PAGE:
We have so little research and much of what we have now and what we will have in the future will be biased anyhow. We have stories and narratives and anecdotes that we should take seriously and share.
Mostly what we have are people taking their best guess at why they don’t feel okay in their bodies or souls or hearts. Two people can have the same experience for different reasons and need to walk different paths. (I hate being a woman and woman is not me. 1) I hate being a woman because I am actually a man. Nothing about me feels right and certainly not feminine to me. 2) I hate being a woman because I hate the weakness, the self-deprecation, the vulnerability, the passivity of women. That’s not me and not the life I want.
These two people, one is transsexual and the other is expressing internalized and experienced misogyny. If transitioning the answer for them both, I would expect the second person to still not be comfortable in themselves and in the world. I have no research to prove this. Women are socialized to hate their bodies in America. Media influence is inescapable where beautiful women are airbrushed and photoshopped to be perfect and not exist in reality. We stereotype men and women. People who are moving from one side to the other in search of the stereotype will not likely find it in their transitioned body and mind. We are all socialized to be dissatisfied with ourselves and what we have in some way.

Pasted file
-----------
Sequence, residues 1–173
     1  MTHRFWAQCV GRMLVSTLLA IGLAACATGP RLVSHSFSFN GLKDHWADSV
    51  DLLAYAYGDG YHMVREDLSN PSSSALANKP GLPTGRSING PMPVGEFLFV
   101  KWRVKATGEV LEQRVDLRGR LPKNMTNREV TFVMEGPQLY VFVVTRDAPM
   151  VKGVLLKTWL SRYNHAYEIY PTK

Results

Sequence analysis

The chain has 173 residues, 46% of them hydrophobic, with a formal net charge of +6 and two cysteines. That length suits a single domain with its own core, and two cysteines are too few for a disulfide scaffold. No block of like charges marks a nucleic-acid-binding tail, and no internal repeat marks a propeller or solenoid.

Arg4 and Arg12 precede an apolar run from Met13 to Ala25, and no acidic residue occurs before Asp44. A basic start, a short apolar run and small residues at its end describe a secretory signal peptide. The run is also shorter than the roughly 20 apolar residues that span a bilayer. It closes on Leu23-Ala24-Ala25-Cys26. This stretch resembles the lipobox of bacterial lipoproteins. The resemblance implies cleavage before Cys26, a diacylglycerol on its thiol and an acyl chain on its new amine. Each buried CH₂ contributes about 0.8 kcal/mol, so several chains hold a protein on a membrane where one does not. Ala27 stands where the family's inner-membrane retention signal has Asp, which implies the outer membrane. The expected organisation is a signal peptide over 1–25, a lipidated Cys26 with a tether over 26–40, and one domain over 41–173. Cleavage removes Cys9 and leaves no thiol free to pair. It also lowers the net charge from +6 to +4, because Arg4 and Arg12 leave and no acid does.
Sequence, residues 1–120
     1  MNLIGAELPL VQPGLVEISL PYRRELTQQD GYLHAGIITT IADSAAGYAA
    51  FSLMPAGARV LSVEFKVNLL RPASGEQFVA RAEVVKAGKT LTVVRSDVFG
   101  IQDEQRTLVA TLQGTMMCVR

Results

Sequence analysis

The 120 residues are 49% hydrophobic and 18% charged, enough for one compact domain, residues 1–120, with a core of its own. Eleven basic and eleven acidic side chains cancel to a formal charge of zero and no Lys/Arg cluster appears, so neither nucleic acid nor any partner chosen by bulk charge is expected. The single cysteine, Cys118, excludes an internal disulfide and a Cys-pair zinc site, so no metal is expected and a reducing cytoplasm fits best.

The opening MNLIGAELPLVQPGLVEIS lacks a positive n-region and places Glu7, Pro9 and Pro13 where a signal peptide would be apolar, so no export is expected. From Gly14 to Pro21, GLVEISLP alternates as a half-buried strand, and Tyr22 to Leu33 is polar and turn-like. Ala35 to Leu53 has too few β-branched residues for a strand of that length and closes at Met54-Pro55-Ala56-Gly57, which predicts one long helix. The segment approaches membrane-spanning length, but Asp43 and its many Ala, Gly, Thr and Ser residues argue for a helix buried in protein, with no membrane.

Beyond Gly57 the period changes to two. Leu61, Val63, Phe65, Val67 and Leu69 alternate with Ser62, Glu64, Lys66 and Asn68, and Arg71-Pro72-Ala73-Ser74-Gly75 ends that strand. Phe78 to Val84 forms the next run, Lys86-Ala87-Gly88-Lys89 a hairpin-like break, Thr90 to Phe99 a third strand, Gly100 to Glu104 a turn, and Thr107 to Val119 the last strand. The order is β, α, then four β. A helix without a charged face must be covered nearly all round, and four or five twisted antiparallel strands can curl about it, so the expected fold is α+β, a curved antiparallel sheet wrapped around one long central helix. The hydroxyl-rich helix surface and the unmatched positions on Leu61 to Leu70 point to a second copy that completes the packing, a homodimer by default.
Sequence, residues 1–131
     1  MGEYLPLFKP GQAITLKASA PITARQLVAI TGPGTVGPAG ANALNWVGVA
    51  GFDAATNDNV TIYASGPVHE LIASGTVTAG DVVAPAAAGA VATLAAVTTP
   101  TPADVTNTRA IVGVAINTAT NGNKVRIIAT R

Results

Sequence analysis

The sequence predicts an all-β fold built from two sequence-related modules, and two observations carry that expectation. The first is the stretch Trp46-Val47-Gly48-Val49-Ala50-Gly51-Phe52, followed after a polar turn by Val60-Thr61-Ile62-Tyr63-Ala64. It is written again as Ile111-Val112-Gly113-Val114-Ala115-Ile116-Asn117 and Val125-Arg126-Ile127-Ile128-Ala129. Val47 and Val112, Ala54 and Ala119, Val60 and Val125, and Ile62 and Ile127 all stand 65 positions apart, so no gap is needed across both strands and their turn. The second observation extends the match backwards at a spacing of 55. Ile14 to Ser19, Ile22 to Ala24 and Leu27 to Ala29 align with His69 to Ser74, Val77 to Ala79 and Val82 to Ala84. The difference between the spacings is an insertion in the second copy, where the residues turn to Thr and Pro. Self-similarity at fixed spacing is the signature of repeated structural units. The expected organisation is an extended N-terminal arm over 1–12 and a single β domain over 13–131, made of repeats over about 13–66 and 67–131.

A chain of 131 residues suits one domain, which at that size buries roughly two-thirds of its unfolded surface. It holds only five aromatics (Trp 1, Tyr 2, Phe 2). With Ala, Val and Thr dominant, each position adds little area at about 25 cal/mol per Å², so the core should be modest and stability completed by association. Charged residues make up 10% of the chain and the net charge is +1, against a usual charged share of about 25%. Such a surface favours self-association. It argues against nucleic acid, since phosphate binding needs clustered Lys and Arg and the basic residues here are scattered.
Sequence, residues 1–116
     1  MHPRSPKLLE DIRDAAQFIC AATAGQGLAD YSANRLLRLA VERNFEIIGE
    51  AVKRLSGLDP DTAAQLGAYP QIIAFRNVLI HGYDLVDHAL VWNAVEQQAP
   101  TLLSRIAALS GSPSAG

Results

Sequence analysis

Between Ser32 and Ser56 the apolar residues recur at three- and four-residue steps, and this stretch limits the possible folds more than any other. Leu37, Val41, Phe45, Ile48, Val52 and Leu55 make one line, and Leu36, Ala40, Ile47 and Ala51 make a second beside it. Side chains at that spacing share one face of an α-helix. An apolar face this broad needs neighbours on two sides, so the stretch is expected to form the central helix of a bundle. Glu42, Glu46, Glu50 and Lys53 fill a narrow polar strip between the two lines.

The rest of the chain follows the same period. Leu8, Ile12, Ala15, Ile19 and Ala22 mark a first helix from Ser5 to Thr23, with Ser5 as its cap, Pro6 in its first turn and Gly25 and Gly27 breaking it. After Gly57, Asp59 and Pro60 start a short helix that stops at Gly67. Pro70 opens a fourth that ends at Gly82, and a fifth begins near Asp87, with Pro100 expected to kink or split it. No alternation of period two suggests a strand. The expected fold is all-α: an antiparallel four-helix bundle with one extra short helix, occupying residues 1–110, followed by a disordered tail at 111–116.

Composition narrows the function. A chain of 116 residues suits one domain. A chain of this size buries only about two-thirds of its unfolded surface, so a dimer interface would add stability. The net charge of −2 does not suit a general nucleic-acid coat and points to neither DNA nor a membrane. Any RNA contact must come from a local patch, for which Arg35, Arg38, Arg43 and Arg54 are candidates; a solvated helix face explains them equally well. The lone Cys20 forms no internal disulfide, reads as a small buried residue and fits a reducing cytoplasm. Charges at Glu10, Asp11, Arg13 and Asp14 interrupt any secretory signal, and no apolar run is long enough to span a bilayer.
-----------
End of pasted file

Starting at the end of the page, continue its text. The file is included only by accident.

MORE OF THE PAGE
If you watch YouTube videos, you see a lot of newbies. People who have not yet lived in their transitioned gender for years yet. Read about people who transitioned ten or twenty years ago to get a sense of what life has been like for them. Be careful of writing people’s experiences off because they are older or a different generation. They are forefathers and foremothers and foregenderqueers.